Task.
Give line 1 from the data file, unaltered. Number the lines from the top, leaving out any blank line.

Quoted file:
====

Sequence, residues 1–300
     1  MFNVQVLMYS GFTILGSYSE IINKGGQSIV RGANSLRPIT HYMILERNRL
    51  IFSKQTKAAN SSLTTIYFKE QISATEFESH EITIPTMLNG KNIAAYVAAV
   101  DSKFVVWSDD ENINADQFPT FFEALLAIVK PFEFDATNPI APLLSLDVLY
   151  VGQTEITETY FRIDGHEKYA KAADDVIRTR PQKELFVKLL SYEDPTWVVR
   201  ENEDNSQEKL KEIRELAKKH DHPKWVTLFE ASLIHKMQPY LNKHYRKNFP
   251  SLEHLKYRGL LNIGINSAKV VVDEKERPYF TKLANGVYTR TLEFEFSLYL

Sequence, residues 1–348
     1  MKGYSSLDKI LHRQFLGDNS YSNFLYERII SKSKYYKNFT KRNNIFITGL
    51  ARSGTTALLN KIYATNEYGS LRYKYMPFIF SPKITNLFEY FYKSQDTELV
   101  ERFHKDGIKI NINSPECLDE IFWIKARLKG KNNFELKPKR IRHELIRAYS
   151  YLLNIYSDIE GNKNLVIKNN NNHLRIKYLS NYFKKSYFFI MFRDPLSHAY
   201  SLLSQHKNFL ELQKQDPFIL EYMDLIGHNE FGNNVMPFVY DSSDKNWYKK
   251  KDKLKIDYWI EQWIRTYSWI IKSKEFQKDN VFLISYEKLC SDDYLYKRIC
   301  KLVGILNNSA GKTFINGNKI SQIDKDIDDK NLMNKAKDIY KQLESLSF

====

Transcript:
Sequence, residues 1–300